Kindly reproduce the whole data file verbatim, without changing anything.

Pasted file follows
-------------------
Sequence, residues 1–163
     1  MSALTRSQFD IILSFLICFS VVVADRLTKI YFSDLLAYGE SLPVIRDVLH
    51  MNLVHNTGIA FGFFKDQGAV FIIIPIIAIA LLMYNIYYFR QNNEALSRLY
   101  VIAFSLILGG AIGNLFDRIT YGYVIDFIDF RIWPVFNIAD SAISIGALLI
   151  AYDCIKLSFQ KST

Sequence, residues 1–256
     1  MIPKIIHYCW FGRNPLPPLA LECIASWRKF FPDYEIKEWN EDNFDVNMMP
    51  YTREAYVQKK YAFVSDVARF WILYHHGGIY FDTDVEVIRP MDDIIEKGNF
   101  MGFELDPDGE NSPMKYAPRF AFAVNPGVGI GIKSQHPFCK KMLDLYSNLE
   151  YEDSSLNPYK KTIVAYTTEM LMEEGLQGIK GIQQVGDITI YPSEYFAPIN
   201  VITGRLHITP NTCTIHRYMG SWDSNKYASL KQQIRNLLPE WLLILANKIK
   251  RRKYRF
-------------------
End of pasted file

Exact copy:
Sequence, residues 1–163
     1  MSALTRSQFD IILSFLICFS VVVADRLTKI YFSDLLAYGE SLPVIRDVLH
    51  MNLVHNTGIA FGFFKDQGAV FIIIPIIAIA LLMYNIYYFR QNNEALSRLY
   101  VIAFSLILGG AIGNLFDRIT YGYVIDFIDF RIWPVFNIAD SAISIGALLI
   151  AYDCIKLSFQ KST

Sequence, residues 1–256
     1  MIPKIIHYCW FGRNPLPPLA LECIASWRKF FPDYEIKEWN EDNFDVNMMP
    51  YTREAYVQKK YAFVSDVARF WILYHHGGIY FDTDVEVIRP MDDIIEKGNF
   101  MGFELDPDGE NSPMKYAPRF AFAVNPGVGI GIKSQHPFCK KMLDLYSNLE
   151  YEDSSLNPYK KTIVAYTTEM LMEEGLQGIK GIQQVGDITI YPSEYFAPIN
   201  VITGRLHITP NTCTIHRYMG SWDSNKYASL KQQIRNLLPE WLLILANKIK
   251  RRKYRF